Contract Drafting—The Path to Best Practice. The Anatomy of a Contract
The anatomy of a human being consists of complex structures that take dedication and years of study to comprehend. And though understanding human anatomy is necessary for a healthy life, many people don’t take time to appreciate even the “simple” processes that take place inside of them—because that’s for the doctor to know, right? Wrong. A little effort made towards understanding what creates a healthy life can prevent terminal diseases from taking root. A similar dichotomy occurs in contracts when some of the key stakeholders involved in the drafting process do not take the time to understand the contract’s anatomy.
Let’s take a look at the anatomy of a contract from a high level and three basic parts that take shape inside of Microsoft Word®.
The “form” is the starting point for many drafters—it is (generally) a pre-typed, widely circulated, and, for the most part, judicially vetted document that is formed over years of trial and error. The oil & energy industry, for instance, has utilized “forms” for a hundred years, with the positive outcome being that, “[t]he development of the mineral lease has resulted in basic provisions that protect both the interests of the lessor and those of the lessee (see Revisiting the Mineral Lease by Joseph Giglio).”
Forms are a time-saving device and should not be scoffed at; however, forms are not designed to address every scenario the client might encounter—that is where the drafter must endeavor to understand when it’s time to introduce changes in the contract’s diet, if you will, in order to prevent disease in the final draft.
In the oil & energy industry, the unique demands of state laws and regulatory environments, the requested changes by the other party during negotiations, and unique geographic and geologic challenges are some of the reasons that utilizing a “form” in this industry won’t work in every scenario. Therefore, because of these challenges, the addendum was created to allow for the simple addition of a handful of provisions to the form so that the drafter can avoid starting from a blank document.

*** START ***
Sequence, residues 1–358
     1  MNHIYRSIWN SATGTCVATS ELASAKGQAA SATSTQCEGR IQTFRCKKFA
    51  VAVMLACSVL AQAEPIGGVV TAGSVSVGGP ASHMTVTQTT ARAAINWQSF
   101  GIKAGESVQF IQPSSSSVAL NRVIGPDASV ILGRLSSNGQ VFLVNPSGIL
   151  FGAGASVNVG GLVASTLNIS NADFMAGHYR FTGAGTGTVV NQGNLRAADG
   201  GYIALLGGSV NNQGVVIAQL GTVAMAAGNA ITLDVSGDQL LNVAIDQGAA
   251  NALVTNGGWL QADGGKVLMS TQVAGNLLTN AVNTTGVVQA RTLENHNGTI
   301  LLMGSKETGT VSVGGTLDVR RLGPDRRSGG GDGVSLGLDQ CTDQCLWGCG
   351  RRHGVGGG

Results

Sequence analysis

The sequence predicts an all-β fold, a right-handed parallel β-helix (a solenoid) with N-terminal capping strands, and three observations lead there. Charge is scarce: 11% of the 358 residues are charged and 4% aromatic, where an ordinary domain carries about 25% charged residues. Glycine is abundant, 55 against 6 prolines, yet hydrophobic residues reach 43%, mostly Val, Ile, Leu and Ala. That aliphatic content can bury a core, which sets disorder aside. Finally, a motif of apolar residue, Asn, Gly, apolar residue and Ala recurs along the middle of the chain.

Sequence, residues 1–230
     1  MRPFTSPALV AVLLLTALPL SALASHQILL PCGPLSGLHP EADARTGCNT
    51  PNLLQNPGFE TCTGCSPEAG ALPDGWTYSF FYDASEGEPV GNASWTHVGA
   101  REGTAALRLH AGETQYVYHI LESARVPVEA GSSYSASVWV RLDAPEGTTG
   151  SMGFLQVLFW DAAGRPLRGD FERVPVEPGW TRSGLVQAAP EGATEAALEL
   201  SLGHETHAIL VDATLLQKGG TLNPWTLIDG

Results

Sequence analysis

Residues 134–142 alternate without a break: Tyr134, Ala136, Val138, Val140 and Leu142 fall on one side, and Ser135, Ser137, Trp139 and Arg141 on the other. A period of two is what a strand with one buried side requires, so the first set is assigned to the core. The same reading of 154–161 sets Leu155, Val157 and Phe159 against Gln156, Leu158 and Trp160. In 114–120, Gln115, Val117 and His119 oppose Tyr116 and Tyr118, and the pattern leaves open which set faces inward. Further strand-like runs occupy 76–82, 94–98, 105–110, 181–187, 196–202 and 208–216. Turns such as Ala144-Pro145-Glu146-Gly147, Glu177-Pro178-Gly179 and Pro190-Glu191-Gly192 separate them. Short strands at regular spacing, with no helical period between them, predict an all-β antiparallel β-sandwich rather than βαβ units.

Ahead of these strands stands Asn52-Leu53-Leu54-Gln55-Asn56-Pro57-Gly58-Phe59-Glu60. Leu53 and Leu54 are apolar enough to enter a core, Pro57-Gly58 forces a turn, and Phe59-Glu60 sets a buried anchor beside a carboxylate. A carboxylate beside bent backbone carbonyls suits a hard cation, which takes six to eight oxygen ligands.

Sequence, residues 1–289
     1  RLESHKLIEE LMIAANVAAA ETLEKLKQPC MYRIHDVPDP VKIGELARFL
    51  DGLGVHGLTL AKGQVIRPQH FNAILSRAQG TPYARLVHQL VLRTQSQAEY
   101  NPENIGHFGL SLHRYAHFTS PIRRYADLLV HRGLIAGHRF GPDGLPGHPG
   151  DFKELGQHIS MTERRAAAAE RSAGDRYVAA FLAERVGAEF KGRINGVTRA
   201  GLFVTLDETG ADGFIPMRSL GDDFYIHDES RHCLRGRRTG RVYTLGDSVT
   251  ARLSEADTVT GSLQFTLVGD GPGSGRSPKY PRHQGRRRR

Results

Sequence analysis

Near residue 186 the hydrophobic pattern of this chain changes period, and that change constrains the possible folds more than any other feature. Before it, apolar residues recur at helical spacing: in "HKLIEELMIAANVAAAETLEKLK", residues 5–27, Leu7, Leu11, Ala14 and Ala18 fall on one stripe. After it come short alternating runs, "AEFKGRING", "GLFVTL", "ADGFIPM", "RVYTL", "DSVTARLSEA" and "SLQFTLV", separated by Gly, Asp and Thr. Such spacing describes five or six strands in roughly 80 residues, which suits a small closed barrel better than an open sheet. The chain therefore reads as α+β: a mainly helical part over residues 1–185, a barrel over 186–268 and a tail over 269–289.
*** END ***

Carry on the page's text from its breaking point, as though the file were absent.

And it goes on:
Yet the addendum can also be a means of confusion and can create significant ambiguity—especially if the provisions in the addendum control the provisions in the pre-typed form. And since creating confusion in the contract is not why you were hired, it is important for the support team to understand the effects of the addendum and realize that simply adding a provision here and there will not always lead to a healthy contract.
The Custom Agreement
The custom agreement is the third option in the drafting process and is brought to the forefront when the client or the drafter determines that a new document is necessary to secure the client’s needs. The benefit of a custom agreement is that it requires fresh thought, which is often lost when using a pre-typed form and an addendum. However, the custom agreement also entails a greater degree of risk as the drafter must conceive of every positive and negative occurrence that may arise. The custom agreement is the most complex piece of any contract’s anatomy as it requires quite a bit of time and patience and quite a bit of knowledge to confect. And if you are too cavalier, you’ll end up creating a contract that rivals the creation of The Modern Prometheus.
The support team should never avoid the study and comprehension of a contract’s anatomy, and they should never assume that they have all the ingredients necessary to accomplish their tasks. Their job is to prevent an unnecessary illness in the final version of the contract.
Collaboration among the Support Team is their chief assistant, as discussed in my previous article, but there is an escalating conversation towards utilizing artificial intelligence (AI) to speed up the collaborative process. Stay tuned for my final article in this series, and join me in the webinar that will discuss The Path to Best Practice with other drafting professionals.